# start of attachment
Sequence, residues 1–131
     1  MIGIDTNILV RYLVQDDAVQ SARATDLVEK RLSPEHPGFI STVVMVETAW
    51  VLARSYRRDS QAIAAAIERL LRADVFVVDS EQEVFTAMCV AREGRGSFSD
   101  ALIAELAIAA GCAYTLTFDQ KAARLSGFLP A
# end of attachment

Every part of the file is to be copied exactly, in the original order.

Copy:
Sequence, residues 1–131
     1  MIGIDTNILV RYLVQDDAVQ SARATDLVEK RLSPEHPGFI STVVMVETAW
    51  VLARSYRRDS QAIAAAIERL LRADVFVVDS EQEVFTAMCV AREGRGSFSD
   101  ALIAELAIAA GCAYTLTFDQ KAARLSGFLP A